|Tuesday, 3 June 2003|
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A Code of Ethics for MPs
It is the experience of many Third World states that the power of politicians increases steadily at the expense of the power of the people.
This is the sad result of the politicization of a State and Sri Lanka has not shaped-up any better than most Third World states in this respect, although the democratic system of governance in this country is well over fifty years old. In fact Sri Lanka was one of the first countries in Asia to acquire Universal Adult Franchise.
However, for reasons which are complex and ramifying - some of which are well known and are the subject of public debate - Sri Lanka came to be deeply politicized. Most areas of public life have suffered this painful blight and it is to retrieve them from this malaise that the 17th amendment to the constitution was passed some months back.
The 17th amendment was not meant to be a panacea for the ill of politicization but the National Commissions which were established under it were expected to help in a big way in this task.
While it is saddening to note that the Commissions are yet to make a significant impact, some hope has been inspired by the ruling UNP's efforts to put their house in order, reportedly at the behest of the Prime Minister.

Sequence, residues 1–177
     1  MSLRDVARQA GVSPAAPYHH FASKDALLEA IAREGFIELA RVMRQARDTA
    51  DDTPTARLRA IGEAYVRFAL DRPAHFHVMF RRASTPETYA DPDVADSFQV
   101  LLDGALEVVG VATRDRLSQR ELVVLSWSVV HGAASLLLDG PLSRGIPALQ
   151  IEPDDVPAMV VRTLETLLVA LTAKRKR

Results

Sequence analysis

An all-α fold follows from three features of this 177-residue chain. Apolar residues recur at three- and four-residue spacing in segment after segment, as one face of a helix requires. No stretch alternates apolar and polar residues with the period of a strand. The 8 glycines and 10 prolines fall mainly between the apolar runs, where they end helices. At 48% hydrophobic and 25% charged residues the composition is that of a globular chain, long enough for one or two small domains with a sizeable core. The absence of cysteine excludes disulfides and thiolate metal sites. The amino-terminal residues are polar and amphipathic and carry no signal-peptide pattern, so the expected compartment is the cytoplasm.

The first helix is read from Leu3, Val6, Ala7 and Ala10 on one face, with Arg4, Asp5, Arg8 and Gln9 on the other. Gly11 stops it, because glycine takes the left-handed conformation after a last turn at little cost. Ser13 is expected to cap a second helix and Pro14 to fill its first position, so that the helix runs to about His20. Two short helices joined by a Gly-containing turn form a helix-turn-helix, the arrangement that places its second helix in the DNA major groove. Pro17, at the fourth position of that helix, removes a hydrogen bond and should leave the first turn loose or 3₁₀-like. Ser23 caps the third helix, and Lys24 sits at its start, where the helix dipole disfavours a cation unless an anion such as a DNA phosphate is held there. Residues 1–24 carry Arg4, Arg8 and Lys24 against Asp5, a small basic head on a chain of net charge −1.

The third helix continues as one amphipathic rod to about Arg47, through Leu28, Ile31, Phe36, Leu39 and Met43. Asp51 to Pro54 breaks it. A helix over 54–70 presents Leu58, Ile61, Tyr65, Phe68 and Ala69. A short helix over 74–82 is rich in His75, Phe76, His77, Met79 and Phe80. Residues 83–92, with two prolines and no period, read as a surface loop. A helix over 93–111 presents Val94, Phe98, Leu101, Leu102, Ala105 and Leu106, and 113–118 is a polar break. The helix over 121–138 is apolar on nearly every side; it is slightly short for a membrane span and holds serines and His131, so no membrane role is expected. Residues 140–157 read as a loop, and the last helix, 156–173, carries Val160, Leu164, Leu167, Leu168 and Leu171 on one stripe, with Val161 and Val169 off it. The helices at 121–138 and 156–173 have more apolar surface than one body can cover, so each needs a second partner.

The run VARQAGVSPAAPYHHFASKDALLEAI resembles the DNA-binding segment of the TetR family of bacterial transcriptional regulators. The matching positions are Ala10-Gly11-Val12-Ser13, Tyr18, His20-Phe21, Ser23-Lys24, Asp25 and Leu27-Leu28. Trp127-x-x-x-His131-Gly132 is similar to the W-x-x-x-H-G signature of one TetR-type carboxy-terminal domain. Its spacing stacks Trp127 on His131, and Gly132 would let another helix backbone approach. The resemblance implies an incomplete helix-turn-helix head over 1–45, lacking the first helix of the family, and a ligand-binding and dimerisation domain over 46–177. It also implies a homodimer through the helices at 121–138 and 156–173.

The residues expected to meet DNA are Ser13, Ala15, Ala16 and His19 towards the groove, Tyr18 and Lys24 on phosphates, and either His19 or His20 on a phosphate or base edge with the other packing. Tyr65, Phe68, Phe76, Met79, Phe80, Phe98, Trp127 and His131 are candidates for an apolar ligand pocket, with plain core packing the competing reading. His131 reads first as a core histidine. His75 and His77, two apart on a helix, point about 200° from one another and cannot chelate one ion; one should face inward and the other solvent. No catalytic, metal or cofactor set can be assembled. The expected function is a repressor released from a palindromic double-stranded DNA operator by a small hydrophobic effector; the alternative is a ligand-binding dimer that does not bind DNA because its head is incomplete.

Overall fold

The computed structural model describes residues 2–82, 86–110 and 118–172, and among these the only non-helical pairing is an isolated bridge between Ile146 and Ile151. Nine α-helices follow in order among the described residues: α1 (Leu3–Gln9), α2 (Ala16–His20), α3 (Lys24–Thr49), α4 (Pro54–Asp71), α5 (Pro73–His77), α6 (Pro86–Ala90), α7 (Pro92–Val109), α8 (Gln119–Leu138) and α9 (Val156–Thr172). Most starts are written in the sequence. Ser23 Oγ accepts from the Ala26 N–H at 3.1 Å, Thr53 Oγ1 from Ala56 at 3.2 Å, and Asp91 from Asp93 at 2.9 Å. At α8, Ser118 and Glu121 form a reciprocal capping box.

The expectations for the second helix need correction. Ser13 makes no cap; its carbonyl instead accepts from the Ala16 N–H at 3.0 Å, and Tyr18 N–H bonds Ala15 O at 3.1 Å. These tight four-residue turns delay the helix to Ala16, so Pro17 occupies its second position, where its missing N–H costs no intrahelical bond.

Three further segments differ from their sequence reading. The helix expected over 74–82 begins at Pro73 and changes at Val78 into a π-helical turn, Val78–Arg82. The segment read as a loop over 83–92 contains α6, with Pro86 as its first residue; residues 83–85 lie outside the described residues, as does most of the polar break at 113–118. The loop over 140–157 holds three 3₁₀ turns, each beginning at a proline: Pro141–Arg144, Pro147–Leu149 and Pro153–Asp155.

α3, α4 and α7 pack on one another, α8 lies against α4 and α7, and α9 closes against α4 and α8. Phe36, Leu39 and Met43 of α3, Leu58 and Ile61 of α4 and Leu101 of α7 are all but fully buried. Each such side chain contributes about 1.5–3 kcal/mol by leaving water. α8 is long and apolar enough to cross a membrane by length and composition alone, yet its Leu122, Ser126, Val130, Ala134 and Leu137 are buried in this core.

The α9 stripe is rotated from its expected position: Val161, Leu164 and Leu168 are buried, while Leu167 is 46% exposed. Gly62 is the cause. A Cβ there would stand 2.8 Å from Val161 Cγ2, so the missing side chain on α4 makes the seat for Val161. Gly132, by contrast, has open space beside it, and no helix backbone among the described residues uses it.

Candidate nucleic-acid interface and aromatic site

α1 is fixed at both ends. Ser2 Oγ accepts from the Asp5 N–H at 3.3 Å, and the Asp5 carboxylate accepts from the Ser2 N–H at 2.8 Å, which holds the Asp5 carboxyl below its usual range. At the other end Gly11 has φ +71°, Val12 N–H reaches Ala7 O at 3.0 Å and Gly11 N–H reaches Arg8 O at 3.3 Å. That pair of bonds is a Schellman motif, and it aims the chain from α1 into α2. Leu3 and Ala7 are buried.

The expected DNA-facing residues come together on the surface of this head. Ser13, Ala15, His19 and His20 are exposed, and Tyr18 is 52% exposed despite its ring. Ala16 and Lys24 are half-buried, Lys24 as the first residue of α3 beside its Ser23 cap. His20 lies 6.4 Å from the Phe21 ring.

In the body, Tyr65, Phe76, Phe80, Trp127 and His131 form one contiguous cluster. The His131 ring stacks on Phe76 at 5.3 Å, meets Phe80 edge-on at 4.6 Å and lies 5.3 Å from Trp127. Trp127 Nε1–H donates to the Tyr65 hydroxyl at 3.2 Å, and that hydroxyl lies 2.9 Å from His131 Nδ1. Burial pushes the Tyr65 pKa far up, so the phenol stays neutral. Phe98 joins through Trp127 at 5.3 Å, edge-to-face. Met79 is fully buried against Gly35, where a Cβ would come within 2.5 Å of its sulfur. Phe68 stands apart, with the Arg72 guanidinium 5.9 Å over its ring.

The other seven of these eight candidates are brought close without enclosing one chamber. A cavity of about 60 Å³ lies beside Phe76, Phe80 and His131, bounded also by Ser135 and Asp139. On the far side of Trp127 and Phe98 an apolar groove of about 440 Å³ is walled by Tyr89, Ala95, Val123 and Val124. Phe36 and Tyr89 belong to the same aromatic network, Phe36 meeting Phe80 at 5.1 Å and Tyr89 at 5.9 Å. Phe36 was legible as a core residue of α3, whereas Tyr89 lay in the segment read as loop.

Misuse and abuse of power by politicians are a direct consequence of the lack of a sense of accountability on their part. It is vitally important that strict legal limits are imposed on those wielding and capable of wielding power. The humiliation and degradation that the public tends to suffer at the hands of some politicians could be traced to this short-coming in our legal framework. While these limitations are traceable to flaws in past constitution - making efforts, it is hoped that similar exercises in the future would address these needs.
Meanwhile, we welcome the UNP's efforts to formulate a Code of Ethics for its MPs. It is incumbent on the UNP to lead from the front in this respect and it is likely to be the wish of the people that the screws will indeed be tightened on errant ruling party politicians who tend, to take the law into their own hands, in particular.
Drawing-up Codes of Ethics or Conduct is one thing, implementing them another. Our sad experience of the past is that very little effort is made to enforce these codes. However, it is the wish of every citizen that a new beginning would be made to put our house of state in order. We call on the UNP's ruling hierarchy to make a clean break with the past and to crack the whip on those politicians in their ranks who breach the laws of the land.
However, the public too has a vital role to play in the safeguarding of its rights and interests. Over the years the local public has come to depend very heavily on politicians for the satisfaction of a variety of needs. Although this too is a measure of the degree to which Sri Lanka has been politicized, some improvements can be made in this regard.
For instance, we do not see any reason why politicians should be allowed to play a prominent role in social events. Nor should their succour be sought in spheres where collective solidarity among the people would help in relieving the people's lot. These are some roads to relative public independence.
Produced by Lake House